I am fortunate to have the opportunity to speak to groups week in and week out. Sometime 3, 4, and 5 times in a week. Even though I talk about the same topic every time, I find myself delivering the message in different way. I don’t know if that’s because I am getting bored of the topic, or if I am afraid that the people that I talk with will get bored (it’s probably me – because when I talk with a group they are usually hearing it for the first time). One of my most recent catch phrases is that, “there is the way the software works, and then there is the way the software is used”. The phrase came about from one of my long sessions of thinking (to my co-workers it looks more like day dreaming or sleeping at my desk, but it’s thinking…really). I was thinking about ERP software and frequently when talking with an organization that has spent a lot of time, money and effort on an ERP system only to use a certain percentage of it’s capability. I am always struck that the percentage can be as little as 50%. That means that half of the functionality is just sitting there doing nothing. This must be frustrating to the administrators of the software, but it’s probably unused because there is either there no use for the other fifty, or no one has figured out how to deploy it.
Well, I had a thought, thanks to my thinking time. What if when software was evaluated it was evaluated based upon how the software is typically used, rather than based upon what the software can do? Now, I have been known for coming up with crazy ideas before, and as a young person I would just blurt them out in a meeting or with a colleague, and I would get some kind of, “please be quite” or “well… that’s Chris just being Chris”. I don’t think this is one of those moments.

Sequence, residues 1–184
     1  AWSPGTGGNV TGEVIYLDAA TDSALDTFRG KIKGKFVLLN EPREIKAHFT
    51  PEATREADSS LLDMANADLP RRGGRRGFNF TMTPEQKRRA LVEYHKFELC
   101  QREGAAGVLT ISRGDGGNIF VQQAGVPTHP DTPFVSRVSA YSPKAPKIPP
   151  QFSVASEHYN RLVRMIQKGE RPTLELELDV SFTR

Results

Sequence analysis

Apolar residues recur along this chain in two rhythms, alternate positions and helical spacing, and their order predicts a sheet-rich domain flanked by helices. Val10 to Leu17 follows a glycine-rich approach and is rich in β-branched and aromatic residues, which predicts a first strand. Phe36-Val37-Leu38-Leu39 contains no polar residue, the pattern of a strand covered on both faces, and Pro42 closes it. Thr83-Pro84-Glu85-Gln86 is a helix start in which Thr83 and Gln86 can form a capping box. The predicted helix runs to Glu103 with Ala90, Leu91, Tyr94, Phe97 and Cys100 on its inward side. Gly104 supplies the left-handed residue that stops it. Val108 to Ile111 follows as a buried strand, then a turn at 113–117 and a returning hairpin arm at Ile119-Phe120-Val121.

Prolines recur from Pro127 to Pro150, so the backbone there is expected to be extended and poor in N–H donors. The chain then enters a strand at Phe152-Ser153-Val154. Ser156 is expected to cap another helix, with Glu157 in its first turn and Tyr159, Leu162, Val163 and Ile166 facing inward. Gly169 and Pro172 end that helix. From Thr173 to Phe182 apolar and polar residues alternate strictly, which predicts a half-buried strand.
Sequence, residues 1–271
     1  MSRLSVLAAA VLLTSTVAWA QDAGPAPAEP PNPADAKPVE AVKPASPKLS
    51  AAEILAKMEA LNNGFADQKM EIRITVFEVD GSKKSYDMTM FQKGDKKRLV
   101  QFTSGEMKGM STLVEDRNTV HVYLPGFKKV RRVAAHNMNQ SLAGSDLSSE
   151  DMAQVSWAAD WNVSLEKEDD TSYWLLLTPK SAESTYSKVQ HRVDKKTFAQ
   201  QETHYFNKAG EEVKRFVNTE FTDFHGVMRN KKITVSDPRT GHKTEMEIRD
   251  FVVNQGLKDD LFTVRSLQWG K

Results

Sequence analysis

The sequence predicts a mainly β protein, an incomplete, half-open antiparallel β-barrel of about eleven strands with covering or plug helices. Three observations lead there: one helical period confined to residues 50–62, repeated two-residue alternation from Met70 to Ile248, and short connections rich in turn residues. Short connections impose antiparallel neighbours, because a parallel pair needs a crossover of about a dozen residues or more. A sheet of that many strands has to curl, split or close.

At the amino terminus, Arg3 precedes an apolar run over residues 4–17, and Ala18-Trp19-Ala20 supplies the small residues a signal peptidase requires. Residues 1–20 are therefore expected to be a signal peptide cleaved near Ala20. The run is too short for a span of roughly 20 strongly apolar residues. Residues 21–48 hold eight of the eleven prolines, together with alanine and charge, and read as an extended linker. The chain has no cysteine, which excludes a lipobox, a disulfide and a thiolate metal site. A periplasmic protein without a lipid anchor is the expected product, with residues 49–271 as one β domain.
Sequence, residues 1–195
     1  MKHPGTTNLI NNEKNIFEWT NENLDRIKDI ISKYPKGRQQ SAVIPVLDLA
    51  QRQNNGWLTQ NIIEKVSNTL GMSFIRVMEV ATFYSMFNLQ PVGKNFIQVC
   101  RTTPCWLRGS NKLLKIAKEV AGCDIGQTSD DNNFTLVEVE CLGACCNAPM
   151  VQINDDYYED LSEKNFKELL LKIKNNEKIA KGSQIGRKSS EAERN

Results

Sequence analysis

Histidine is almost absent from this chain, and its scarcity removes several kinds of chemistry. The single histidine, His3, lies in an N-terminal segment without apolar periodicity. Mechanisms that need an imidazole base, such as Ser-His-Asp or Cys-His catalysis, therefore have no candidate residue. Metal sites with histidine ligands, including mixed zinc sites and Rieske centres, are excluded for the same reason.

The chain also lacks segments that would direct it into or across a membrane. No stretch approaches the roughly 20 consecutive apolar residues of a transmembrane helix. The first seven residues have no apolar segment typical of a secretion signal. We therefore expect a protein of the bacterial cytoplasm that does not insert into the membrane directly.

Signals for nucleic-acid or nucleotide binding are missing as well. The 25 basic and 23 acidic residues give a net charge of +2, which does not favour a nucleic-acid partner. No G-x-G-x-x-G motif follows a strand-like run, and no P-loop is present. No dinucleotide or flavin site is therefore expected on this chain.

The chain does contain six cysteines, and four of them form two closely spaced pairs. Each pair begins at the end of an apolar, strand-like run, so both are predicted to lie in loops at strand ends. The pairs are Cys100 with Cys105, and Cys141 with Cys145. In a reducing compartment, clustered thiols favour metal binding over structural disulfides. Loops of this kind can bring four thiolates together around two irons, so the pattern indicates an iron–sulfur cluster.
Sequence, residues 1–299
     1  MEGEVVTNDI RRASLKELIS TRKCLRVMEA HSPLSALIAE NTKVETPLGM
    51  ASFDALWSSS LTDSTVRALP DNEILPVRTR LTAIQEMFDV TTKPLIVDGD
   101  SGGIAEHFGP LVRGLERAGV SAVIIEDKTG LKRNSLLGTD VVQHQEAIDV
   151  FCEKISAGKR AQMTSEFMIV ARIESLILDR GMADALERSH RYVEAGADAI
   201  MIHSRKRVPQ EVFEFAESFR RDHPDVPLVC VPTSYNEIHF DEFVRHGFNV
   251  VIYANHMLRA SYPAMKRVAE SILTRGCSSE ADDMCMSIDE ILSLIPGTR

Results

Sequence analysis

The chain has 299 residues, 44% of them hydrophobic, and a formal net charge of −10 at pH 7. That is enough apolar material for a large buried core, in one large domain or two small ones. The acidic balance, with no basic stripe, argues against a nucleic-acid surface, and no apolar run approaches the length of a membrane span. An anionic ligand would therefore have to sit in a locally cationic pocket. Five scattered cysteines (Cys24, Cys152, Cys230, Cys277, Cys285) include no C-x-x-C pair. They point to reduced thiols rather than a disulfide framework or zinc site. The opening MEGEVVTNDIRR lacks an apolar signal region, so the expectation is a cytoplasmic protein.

I wrote, “The Argument to Automate – How Innovation Can INSPIRE Not Fire” to attack issues, like functionality vs. use. One of the best ways to find this information from a service provider is through references. In the book I give tips on obtaining both types of references (did you know there were two?) (1) The Reference (I should have come up with a much snappier name for this), that is the name of a user the service provider will give you, and guess what? It will be glowing. Instead of not making the call, my suggestion is to make the call and ask specific questions. Ask, “How many reference calls do you do for the service provider?”, “Are you compensated in any way to do these reference calls?” The opportunity here is to find out what the culture of the service provider by way of these staged reference calls. (2) The second type of call is The Real Reference. The real reference is when you know someone who knows someone who uses the service provider you are considering. When you find that person, or people, make sure they don’t hate technology, so you can get a read on the service provider and not the fact that the person thinks that paper ledgers were awesome. When you have these people on the phone ask your typical reference questions like, “How is the service and support, are things done on time and budget…?”
As I spend more time thinking (really, that’s what I do in my office…co-workers) I am going to write more about this topic to help folks find the difference between how the software works and how the software is used.
Buy the book – The Argument to Automate – How Innovation Can INSPIRE Not Fire – click here to buy
(Also) To get your copy of The 8 Pitfalls of Accounts Payable Automation – click here to buy
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